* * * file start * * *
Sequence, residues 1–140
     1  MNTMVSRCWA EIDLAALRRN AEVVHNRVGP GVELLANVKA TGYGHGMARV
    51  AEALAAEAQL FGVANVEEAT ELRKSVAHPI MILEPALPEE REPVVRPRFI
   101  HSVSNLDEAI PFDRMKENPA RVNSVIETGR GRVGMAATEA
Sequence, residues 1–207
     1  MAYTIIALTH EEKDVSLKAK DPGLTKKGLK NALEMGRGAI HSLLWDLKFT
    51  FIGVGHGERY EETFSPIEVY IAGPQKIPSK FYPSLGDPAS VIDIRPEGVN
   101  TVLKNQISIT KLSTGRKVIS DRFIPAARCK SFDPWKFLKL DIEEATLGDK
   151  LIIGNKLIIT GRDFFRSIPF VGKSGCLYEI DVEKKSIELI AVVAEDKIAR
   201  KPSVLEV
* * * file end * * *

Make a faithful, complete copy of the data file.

Sequence, residues 1–140
     1  MNTMVSRCWA EIDLAALRRN AEVVHNRVGP GVELLANVKA TGYGHGMARV
    51  AEALAAEAQL FGVANVEEAT ELRKSVAHPI MILEPALPEE REPVVRPRFI
   101  HSVSNLDEAI PFDRMKENPA RVNSVIETGR GRVGMAATEA
Sequence, residues 1–207
     1  MAYTIIALTH EEKDVSLKAK DPGLTKKGLK NALEMGRGAI HSLLWDLKFT
    51  FIGVGHGERY EETFSPIEVY IAGPQKIPSK FYPSLGDPAS VIDIRPEGVN
   101  TVLKNQISIT KLSTGRKVIS DRFIPAARCK SFDPWKFLKL DIEEATLGDK
   151  LIIGNKLIIT GRDFFRSIPF VGKSGCLYEI DVEKKSIELI AVVAEDKIAR
   201  KPSVLEV